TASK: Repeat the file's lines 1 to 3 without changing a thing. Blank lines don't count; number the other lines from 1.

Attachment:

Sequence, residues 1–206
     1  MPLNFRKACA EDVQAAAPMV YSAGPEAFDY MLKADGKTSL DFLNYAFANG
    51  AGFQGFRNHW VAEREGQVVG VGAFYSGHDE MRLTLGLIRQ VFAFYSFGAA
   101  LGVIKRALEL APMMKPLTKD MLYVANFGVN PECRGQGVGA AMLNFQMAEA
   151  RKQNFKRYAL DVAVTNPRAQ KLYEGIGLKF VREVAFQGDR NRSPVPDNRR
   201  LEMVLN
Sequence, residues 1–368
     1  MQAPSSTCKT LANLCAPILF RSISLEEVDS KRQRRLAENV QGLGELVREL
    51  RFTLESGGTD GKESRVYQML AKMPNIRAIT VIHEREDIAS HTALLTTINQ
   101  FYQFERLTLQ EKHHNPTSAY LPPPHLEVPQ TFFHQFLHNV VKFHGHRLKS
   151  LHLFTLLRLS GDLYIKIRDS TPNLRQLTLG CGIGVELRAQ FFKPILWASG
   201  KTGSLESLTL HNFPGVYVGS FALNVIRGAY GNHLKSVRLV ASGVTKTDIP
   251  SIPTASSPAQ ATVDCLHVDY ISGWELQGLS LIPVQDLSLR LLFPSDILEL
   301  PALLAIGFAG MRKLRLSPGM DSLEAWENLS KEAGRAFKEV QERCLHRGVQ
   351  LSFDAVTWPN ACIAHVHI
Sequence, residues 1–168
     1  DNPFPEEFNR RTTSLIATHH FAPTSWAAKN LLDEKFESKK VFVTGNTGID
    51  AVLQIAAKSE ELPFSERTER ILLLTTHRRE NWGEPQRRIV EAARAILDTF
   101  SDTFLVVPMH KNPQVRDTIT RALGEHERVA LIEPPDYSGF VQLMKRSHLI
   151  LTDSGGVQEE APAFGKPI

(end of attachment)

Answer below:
Sequence, residues 1–206
     1  MPLNFRKACA EDVQAAAPMV YSAGPEAFDY MLKADGKTSL DFLNYAFANG
    51  AGFQGFRNHW VAEREGQVVG VGAFYSGHDE MRLTLGLIRQ VFAFYSFGAA